Friday, December 03, 1999
12/3/99 3:26:51 PM
An evil new spammer tactic.
Alan Wexelblat reports sightings of a new method spammers are using
to get their odious product through all the blocks ISPs erect
against it. Here's how it works:
- Create a million spam emails; for each one forge the From address
to be the address of one of your intended victims.
- Create a bogus To address at some well-connected mail site.
- Deliver your million pieces of effluvium to said mail site.
- Wait for site politely to bounce all your emails "back" to their
From addresses, thus doing your dirty work for you.
- (Optional) Laugh maniacally as the victims and the site engage in
rounds of finger-pointing.
This one's going to be hard to stop. It works because most sites,
when bouncing undeliverable mail back to the sender, include the
complete message in the bounce. From my vantage point running the
TBTF list I would estimate that 70% of hosts do this today. The
percentage has been creeping up as the ranks of mail servers come to
be dominated by "newbie" software. (I'm guessing that bouncing the
entire message is the default behavior in MS Exchange. Anybody know
for sure?) So spammers using this new technique will always have
a variety of mail hosts to choose from.
Also, unlike list managers, most Netizens aren't accustomed to
getting bounce messages. They'll probably read such a novel item
just to see what it's about, thus fulfilling the spammer's desire.
12/3/99 2:00:57 PM
12/3/99 12:52:53 PM
Wholesale price list declared copyrightable.
TBTF Irregular John Muller
notes a ruling yesterday by the Ninth Circuit Court of Appeals,
which covers California and other Western states. The court ruled in
CDN Inc. v. Kapes that a wholesale price list for collectible
coins contains sufficient originality to be copyrightable. The
decision is online
12/3/99 12:45:20 PM
12/3/99 12:24:45 PM
GPLTrans: can Open Source supercharge
We could define the Open Source meme this way:
Enlisting copious volunteer labor to contribute to and improve
upon an end product that is freely distributable in source form.
The term Open Source started out applying to software projects
and products, but the meme is lately being tried out in other endeavors.
Directory project was one of the first: before its acquisition
by AOL, Netscape enlisted thousands of volunteers to catalog and
categorize Web sites, instead of relying on a smaller paid staff, as
Recently an engineer named Mooneer Salem wrote a language-translation
program, called GPLTrans,
using the free PHP3 scripting language and an open-source database.
Salem hopes to enlist hoardes of volunteers to flesh out and correct
the database entries that represent the translation of a word or
phrase from English to another language. So far the project's
database contains a fair start on Spanish<-->English and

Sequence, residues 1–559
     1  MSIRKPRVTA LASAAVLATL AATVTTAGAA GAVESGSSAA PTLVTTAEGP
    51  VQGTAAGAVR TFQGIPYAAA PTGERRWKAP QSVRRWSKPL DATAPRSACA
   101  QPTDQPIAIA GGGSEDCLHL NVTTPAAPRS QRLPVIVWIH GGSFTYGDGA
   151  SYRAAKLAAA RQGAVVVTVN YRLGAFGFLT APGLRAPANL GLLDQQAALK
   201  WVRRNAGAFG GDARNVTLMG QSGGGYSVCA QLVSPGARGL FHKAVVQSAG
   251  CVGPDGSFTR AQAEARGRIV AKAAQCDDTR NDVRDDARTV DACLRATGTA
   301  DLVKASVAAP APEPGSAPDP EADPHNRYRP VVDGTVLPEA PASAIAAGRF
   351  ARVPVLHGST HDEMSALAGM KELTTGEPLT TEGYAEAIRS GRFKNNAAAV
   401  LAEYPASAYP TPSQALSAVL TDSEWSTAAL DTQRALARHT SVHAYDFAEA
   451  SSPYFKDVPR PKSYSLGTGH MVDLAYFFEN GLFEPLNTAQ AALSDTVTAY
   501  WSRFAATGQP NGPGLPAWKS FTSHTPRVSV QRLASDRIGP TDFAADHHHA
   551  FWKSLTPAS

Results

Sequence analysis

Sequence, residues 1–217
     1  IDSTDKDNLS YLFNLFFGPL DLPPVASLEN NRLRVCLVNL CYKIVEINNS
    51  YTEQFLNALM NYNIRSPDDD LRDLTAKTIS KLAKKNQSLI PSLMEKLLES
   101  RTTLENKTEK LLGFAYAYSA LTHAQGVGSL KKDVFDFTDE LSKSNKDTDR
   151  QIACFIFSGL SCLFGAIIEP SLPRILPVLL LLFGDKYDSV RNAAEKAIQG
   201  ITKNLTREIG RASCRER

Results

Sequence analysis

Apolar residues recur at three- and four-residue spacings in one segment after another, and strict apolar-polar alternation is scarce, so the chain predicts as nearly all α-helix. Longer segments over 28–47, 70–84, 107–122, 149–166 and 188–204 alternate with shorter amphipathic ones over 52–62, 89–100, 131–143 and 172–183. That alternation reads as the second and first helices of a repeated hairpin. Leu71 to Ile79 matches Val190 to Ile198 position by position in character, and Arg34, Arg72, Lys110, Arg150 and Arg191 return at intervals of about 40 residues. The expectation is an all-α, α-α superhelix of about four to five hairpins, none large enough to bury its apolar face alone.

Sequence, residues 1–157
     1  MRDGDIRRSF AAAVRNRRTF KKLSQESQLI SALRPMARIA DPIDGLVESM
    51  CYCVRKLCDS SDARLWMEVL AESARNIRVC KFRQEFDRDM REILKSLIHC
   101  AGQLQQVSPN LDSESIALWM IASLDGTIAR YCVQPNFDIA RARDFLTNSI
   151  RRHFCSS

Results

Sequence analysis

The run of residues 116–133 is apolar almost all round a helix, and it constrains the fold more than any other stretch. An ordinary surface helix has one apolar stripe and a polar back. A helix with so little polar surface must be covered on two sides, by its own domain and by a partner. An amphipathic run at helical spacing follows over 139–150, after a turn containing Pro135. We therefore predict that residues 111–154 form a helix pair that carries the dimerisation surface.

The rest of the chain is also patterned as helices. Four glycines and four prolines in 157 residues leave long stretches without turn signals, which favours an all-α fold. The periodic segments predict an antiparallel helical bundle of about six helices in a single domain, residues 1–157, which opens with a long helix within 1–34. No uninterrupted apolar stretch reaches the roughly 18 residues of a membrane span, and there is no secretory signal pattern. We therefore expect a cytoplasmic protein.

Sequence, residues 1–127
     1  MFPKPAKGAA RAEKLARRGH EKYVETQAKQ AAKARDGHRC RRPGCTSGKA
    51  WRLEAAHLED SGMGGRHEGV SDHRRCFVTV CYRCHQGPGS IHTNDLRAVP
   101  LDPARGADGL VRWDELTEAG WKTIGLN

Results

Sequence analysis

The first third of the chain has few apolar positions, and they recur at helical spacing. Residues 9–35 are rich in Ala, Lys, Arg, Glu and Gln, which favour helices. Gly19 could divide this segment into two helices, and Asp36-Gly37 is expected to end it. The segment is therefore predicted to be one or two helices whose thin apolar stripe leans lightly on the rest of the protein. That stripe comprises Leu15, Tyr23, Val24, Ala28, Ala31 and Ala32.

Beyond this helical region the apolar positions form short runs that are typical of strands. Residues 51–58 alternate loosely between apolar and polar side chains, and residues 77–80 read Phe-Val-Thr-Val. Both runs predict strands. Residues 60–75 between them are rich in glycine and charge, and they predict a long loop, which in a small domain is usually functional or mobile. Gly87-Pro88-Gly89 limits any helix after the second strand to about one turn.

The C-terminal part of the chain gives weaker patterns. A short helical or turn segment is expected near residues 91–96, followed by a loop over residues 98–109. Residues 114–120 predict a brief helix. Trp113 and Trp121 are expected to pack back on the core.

German<-->English -- about 30K words/phrases each -- and a bare
beginning on French and Portuguese.
I'm a little skeptical that applying Open Source methodology to the
problem of language translation will eventually result in a new
level of translation accuracy, as Salem hopes. But I applaud him and
everyone else who invests his own labor to throw the Open Source
meme against some new wall in order to see if it sticks.
Thanks to TBTF Irregular Justin Mason for the tip.
Thursday, December 02, 1999
12/2/99 12:13:40 PM
Judge enjoins Barnesandnoble.com from using copycat "One-Click" ordering.
Last October Amazon.com sued Barnesandnoble.com over what the
Seattle company claimed was infringement of its patented order
checkout, called "One-Click." The Wall Street Journal is the first to
that a federal judge has granted Amazon.com a preliminary injunction
in the case. (You can only access that URL if you are a subscriber
to the WSJ.) ZDNet's PC Week
the story as well. Here is Barnesandnoble.com's reaction to the
setback, as reported by the WSJ.
Barnesandnoble.com said it will accelerate the deployment of its new
"Express Checkout"... a significant improvement over the one-click
Express Lane process [that the judge has enjoined]. The retailer said
it had planned to roll out Express Checkout after the holiday season
but will launch the process in the next several days in light of the
Wednesday, December 01, 1999
12/1/99 11:54:02 PM
12/1/99 10:55:49 AM
Europeans mull blocking Pentium III.
The flap over the
Pentium III unique serial number may have died down in the US, but
it's just building in Europe. The Register
that the EU's Scientific and Technological Options Assessment committee
will recommend close study to determine if the serial number (PSN) violates
European regulations on privacy and security. According to a report
presented to STOA,
There is a prima facie case that the PSN breaches European protocols
Here is the
report (in German) that prompted the Register's piece.
12/1/99 10:55:22 AM
First-generation computer to compute again.
Australia's first computer,
last week celebrated the 50th anniversary of its first running
program. The 2-ton device, the world's only intact first-generation
computer, has been stored in a warehouse for decades. Beginning next
year the new Melbourne Museum will exhibit the room-sized computer; two of
its original engineers will help with its restoration.
12/1/99 10:55:07 AM